PUPILS left behind their traditional classrooms for the last time in 1993 as the doors closed at the old Walney School on Ocean Road.

The school had opened in 1917 to replace a smaller building on Walney Promenade and 76 years on its 300 pupils moved to an expanded school on Sandy Gap Lane.

Auctioneers sold what they left behind before the arrival of bulldozers.

The Mail, on Friday, February 12 in 1993, noted: "The office is filled with the aromatic smell of Hamlet cigars and though the school is empty you can feel the benign presence of 1,000 ghosts.

"Classrooms that once echoed to giggling children are silent."

A month earlier there had been a reunion of former pupils where memories were rekindled of people like James H. Cockshot - headmaster from 1956 to 1958 - and Sid Mudge, the long-serving metal and woodwork teacher.

Others to bring back memories included Stella Queen, the music teacher and Francis Cooney, who taught the girls needlework.

Angelina Bowers remembered the school's opening day in 1917 - she was then aged eight.

She said: "We had been in a little tin hut while it was built.

"It was all sparkling and new when we went in."

In the early days, the boys went in one door and the girls in another.

She said: "There was a wall between the two playgrounds so we never saw the boys at all."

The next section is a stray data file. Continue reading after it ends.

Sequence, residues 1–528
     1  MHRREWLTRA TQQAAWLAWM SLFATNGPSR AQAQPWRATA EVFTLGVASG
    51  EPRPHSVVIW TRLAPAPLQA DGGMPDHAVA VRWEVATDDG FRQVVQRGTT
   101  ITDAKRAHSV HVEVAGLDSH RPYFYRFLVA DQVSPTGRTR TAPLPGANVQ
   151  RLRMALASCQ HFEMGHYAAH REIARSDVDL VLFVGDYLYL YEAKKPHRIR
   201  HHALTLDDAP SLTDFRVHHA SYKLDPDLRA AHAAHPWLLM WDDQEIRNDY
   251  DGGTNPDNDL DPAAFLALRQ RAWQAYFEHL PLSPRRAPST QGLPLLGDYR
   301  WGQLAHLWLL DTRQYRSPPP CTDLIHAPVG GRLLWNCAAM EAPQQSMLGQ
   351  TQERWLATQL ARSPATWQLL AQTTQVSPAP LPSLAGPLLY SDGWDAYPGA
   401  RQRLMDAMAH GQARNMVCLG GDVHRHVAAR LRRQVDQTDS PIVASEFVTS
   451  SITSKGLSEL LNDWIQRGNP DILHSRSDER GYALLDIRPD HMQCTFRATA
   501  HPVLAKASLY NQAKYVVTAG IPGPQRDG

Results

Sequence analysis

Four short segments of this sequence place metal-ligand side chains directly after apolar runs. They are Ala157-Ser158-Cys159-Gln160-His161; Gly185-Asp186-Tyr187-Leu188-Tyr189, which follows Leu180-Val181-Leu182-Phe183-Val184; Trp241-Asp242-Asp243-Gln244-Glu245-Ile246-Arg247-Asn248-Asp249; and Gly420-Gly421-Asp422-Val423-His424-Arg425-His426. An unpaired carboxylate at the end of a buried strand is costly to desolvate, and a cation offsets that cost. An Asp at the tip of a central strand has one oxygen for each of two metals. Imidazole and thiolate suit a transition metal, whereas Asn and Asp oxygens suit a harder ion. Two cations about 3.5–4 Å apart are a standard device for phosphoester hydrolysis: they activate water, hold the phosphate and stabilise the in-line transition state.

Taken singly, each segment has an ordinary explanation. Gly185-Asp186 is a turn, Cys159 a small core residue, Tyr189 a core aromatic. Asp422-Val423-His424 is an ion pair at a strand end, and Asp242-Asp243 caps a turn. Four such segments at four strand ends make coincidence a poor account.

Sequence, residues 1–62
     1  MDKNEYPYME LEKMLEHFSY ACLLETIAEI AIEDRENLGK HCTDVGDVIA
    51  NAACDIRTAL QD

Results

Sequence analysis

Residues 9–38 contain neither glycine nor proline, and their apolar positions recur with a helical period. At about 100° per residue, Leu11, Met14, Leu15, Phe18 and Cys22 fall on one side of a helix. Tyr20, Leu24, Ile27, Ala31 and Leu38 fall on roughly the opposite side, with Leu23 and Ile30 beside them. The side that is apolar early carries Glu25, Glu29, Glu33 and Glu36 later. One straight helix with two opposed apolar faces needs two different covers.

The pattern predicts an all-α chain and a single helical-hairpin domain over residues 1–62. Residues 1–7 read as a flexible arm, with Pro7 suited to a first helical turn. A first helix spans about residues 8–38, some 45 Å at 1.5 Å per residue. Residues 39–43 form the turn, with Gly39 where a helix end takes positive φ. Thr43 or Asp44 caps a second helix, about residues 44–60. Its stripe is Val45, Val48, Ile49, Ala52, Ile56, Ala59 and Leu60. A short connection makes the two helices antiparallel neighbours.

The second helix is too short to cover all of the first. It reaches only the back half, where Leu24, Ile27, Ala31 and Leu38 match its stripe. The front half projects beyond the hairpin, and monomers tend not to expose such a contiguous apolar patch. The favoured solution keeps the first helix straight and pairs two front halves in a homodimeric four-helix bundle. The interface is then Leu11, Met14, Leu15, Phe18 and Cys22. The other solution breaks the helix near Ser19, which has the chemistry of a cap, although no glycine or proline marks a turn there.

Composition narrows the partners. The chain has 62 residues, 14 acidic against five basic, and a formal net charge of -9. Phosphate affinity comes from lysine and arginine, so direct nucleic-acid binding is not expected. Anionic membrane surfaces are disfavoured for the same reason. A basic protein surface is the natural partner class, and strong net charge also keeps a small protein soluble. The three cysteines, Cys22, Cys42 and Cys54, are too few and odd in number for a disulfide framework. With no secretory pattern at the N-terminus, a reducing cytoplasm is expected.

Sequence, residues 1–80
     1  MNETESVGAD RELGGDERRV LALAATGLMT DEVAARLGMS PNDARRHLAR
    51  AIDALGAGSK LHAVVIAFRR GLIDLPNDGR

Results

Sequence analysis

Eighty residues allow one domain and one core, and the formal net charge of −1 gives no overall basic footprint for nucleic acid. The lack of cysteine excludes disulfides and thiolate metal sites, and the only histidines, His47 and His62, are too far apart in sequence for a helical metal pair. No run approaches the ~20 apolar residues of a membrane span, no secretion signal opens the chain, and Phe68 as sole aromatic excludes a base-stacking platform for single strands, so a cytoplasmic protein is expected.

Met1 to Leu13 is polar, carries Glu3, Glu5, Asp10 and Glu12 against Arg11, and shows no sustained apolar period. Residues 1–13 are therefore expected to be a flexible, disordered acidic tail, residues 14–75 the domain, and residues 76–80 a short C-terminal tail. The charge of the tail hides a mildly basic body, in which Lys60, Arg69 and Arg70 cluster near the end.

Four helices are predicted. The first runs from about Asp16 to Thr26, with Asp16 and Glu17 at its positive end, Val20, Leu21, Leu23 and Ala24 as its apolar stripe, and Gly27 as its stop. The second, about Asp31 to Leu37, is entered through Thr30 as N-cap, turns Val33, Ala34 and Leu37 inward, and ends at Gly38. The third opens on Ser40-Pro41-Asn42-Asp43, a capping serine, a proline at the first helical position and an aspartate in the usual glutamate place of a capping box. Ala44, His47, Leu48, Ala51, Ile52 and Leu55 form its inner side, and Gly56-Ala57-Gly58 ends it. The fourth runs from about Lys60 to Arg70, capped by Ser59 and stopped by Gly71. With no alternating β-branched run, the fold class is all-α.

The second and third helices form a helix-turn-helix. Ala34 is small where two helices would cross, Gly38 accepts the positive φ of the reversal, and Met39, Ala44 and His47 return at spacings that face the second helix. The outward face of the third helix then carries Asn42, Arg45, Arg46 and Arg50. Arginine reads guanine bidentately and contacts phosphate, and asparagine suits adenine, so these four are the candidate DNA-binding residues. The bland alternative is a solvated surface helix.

Deputy head Bob Redhead had taught at Walney School for 32 years and looked back fondly on his time at Ocean Road.

The article noted: "Bob taught geography and PE during his early career.

"The school still had outside toilets in 1984 and Mr Redhead remembers the cold winter days when staff struggled to stop the water from freezing over.

"The school's cloakrooms were also the PE changing rooms - despite the fact the only washing facilities were three hand basins."

In 1973 the school combined with the West Shore School on Sandy Gap Lane to become Walney Secondary Modern and the original school building became the lower school catering for the juniors.

By 1988 the lower school building was pencilled in for demolition as plans were drawn up to eventually move to a single site - which involved development work at Sandy Gap Lane costing £1.5m.

Headteacher Stan Aspinall said sad to see the old school go but recognised the difficulties of teaching across two sites.

He said: "Obviously a split site is not a happy situation.

"It has become increasingly difficult in recent years to teach the national curriculum with limited facilities."